The study cohort was derived from the National Cancer Data Base (NCDB) Participant User File. The NCDB is a national database that captures approximately 70% of incident cancer cases in the United States. All cases of pancreatic adenocarcinoma that presented with clinical stage IV disease from 2003 to 2011 were abstracted from the database. Interventions that were aimed at palliating or alleviating symptoms were denoted “palliative”. Patients were stratified into those who underwent a specified type of palliative therapy (surgery, radiation, systemic chemotherapy, pain management, or a combination thereof), those who received a referral for palliative therapy, or those without intervention or referral.
Covariates of interest included patient-specific factors such as age (stratified into age groups 18–59, 60–69, 70–79, or ≥80 years), sex, race/ethnicity (white non-Hispanic, black non-Hispanic, Hispanic, or other), insurance status (private, Medicare, Medicaid, uninsured, or unknown), quartile of median household income, and number of Charlson/Deyo comorbidities (0, 1, or ≥2). Hospital-specific covariates included facility type (community cancer program, comprehensive community cancer program, academic/research program, or other) and geographic region of the United States (Northeast, South, Midwest, and West).
Demographic and facility-related covariates were compared between the group that received a specified palliative intervention and the group that did not using standard univariate statistics. Regression analyses were used to identify significant trends in use of palliative therapy over the time period of the cohort. Multivariable logistic regression was used to model receipt of palliative therapy as a function of the aforementioned covariates. Kaplan-Meier curves were constructed for the groups undergoing various palliative interventions. In order to determine the association of the various palliative- and non-palliative interventions with patient survival, multivariable survival analyses were performed using a Weibull model because survival was not consistent with a proportional hazards assumption. All analyses were performed using STATA software (version 12.1, StataCorp, College Station, TX, USA). Statistical significance was defined as P<0.05.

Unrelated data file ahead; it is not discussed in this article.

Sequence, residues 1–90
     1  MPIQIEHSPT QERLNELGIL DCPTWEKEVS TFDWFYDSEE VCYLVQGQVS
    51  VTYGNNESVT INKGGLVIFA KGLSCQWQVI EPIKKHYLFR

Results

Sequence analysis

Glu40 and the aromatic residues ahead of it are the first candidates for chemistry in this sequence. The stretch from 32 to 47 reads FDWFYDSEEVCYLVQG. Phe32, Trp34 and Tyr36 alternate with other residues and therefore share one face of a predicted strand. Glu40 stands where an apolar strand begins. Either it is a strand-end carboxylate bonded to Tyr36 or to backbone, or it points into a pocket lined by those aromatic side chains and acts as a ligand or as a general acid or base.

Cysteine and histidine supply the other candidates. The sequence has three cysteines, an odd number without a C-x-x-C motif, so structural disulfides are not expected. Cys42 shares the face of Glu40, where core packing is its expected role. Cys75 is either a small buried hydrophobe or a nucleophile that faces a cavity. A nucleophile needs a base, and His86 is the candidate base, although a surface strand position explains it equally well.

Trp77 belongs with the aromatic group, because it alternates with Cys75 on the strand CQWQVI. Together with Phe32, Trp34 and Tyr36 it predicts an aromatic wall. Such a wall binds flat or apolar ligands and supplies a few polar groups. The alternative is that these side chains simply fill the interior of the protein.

Within the primary study cohort, a total of 68,075 patients diagnosed with stage IV pancreatic adenocarcinoma were identified; of these, 11,449 (16.8%) received designated palliative therapy. Among this subset, the largest proportion received systemic chemotherapy (37.2%), followed by surgery (19.0%), pain management alone (15.3%), radiation (8.1%), or a combination thereof (8.7%). Compared to the 16.8% of patients receiving designated palliative therapy, rates of utilization of non-palliative therapy were as follows: systemic chemotherapy (43.6%), surgery (0.6%), radiation (1.4%), and combination therapy (4.6%). Approximately 11.7% had a referral for palliative care, but no specific interventions were identified. Univariate comparisons between those receiving and not receiving designated palliative therapy are shown in Table 1.
TABLE 1 HERE
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